The landscape for wholesale gold trading is quite complex and constantly evolving. The three most important gold trading centres are the London OTC market, the US futures market and the Shanghai Gold Exchange (SGE). These markets comprise more than 90% of global trading volumes and are complemented by smaller secondary market centres around the world (both OTC and exchange-traded).
Daily notional gold volumes in US-dollar billions*
Daily notional gold volumes in US-dollar billions
Sources: Bloomberg, COMEX, Dubai Gold & Commodities Exchange, ICE Benchmark Administration, London Metal Exchange, Multi Commodity Exchange of India, Nasdaq, Shanghai Gold Exchange, Shanghai Futures Exchange, Tokyo Commodities Exchange, World Gold Council; Disclaimer
*Based on 2021 average daily volumes. For descriptions and methodologies for each data series please see: https://www.gold.org/goldhub/data/gold-trading-volumes
Market centres map
The London OTC market
The London OTC market has historically been the centre of the gold trade and today comprises approximately 70% of global notional trading volume per our estimates. The London market attracts participants from all around the world and sets the twice daily global reference benchmark for gold, the LBMA Gold Price. Uniquely the market in London trades 400 ounce bars ‘Good Delivery’ bars which are stored in the member vaults of the London Precious Metals Clearing Limited (LPMCL) and the Bank of England. London’s unique vaulting infrastructure with its strictly enforced chain of custody, as well as the sizeable stocks of gold that reside within it, contribute to London often being referred to as the ‘terminal market’. The London market also enjoys a time zone advantage, bridging Asian and US trading hours, and benefits from its status as a leading global financial services hub.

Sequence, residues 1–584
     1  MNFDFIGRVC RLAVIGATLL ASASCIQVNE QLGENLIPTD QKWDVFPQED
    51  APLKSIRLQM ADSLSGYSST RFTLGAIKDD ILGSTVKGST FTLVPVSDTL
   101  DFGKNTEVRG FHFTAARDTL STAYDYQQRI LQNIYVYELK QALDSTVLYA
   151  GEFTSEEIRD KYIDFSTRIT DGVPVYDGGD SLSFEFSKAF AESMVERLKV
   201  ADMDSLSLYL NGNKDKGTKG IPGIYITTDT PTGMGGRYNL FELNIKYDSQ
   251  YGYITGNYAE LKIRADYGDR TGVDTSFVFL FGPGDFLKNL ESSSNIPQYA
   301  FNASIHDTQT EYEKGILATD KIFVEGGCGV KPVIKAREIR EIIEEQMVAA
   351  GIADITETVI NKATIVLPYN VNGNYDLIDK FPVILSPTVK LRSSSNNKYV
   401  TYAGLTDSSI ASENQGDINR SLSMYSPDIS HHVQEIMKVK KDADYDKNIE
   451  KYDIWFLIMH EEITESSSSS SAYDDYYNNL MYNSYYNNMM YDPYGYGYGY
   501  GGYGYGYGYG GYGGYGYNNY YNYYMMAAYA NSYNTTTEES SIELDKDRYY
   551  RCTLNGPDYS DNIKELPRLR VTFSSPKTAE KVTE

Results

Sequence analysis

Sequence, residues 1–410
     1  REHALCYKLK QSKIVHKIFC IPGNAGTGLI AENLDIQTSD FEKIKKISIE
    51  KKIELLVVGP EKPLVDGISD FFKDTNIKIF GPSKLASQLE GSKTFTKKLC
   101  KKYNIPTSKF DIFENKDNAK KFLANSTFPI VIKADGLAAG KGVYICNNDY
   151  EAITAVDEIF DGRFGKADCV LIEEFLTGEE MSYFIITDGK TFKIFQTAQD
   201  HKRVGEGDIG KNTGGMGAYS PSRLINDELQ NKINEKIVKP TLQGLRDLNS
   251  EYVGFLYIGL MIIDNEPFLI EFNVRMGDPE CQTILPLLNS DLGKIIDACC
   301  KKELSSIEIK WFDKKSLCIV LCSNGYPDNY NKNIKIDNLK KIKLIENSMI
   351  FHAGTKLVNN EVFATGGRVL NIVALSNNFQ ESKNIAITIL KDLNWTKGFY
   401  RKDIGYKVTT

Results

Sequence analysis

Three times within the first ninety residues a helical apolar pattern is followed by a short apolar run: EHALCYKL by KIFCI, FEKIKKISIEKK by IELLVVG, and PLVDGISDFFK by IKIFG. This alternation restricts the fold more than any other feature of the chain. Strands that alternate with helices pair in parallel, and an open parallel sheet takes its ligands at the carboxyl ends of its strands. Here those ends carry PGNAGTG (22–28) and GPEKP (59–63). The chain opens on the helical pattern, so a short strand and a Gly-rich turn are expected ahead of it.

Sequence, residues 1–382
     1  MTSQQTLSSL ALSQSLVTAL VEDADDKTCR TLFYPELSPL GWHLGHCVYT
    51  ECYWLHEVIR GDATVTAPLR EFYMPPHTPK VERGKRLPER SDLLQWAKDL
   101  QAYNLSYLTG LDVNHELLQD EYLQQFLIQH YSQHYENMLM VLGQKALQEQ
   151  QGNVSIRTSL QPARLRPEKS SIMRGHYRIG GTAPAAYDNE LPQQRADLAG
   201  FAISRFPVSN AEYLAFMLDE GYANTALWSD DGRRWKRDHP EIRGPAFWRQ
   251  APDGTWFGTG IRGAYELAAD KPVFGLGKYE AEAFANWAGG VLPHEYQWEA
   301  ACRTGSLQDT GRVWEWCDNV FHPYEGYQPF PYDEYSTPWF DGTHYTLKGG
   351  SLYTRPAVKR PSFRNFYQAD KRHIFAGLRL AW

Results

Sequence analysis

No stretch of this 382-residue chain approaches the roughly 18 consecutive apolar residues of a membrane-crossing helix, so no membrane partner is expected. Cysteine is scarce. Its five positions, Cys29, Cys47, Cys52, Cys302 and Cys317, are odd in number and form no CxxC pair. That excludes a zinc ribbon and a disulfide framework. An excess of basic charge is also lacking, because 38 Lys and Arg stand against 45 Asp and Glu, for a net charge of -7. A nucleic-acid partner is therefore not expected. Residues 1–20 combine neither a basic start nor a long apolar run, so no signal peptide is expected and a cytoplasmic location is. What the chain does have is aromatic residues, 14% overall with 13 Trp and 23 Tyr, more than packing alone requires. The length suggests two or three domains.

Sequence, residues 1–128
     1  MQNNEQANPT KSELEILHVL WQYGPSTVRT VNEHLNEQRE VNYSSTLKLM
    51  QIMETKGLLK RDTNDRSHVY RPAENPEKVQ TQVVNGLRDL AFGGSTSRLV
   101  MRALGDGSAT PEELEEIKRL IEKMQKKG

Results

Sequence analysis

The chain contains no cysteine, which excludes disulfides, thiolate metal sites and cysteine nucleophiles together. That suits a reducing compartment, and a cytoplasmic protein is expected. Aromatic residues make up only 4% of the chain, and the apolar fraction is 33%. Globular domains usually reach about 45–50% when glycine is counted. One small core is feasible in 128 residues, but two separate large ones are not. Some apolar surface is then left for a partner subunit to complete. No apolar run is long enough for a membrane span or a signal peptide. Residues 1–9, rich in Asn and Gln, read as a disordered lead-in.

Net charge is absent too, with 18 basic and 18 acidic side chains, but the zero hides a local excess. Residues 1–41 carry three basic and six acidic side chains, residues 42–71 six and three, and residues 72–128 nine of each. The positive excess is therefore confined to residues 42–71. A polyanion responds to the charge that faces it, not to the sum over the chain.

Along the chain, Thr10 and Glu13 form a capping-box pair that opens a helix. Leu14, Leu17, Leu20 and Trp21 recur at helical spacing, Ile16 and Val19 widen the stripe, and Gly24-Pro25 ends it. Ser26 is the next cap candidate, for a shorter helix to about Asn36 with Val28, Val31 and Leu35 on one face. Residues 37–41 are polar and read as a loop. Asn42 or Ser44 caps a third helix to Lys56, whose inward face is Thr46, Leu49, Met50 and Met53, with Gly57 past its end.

Notwithstanding the London market’s pre-eminence, it has been losing relative share of global trading volumes. In 2015 banks operating in the market stopped submitting forward offered rates (GOFO rates) which were used to establish the market’s forward curve, one of several symptoms of a market that has become increasingly fragmented. The World Gold Council’s initiative to partner with a consortium of leading financial players and the London Metal Exchange to introduce LMEprecious is a direct response to these pressures. This suite of exchange-traded contracts seeks to modernise and introduce efficiencies to the heart of the gold trading market.
The US futures market (COMEX)
Despite London’s leading role in the physical market, the COMEX derivatives exchange operated by CME Group has become an increasingly important venue in driving price discovery. Trading activity on COMEX is primarily concentrated on the ‘active month’ (nearest dated) contract which acts as a proxy for the spot price. Only a small number of contracts physically settle into delivery of bars into COMEX vaults but the market is nonetheless tightly linked to physical markets through a very active Exchange for Physical (EFP) market. Notably, a steadily increasing share of COMEX volume is transacted during Asian market hours reflecting the exchange’s success of tapping into Asian market growth.
The Chinese market (SGE & SHFE)
The largest purely physical spot exchange in the world is the Shanghai Gold Exchange. Established in 2002 under close oversight of the People’s Bank of China, SGE has enjoyed a rapid rise to prominence that has mirrored China’s growing importance in the gold market. In 2016 SGE introduced the Shanghai Gold Price benchmark to cement China’s role as a price-setter, to help the internationalisation of the RMB and to broaden international participation in the Chinese market. It should be noted that SGE’s spot and deferred contracts are complemented by very active futures trading on the Shanghai Futures Market (SHFE), although the two exchanges are not directly linked.
Secondary market centres
Other important markets include Dubai, India, Japan, Singapore and Hong Kong. There are exchanges in all these markets offering a range of spot trading facilities or listed contracts but these have not attracted the liquidity seen on the market’s primary venues. Nonetheless, these markets play an important role to varying degrees in serving local demand or acting as regional trading hubs. For example, Hong Kong has long acted as a gateway to the Chinese market and Singapore is establishing itself as an important focal point for trading in the ASEAN region.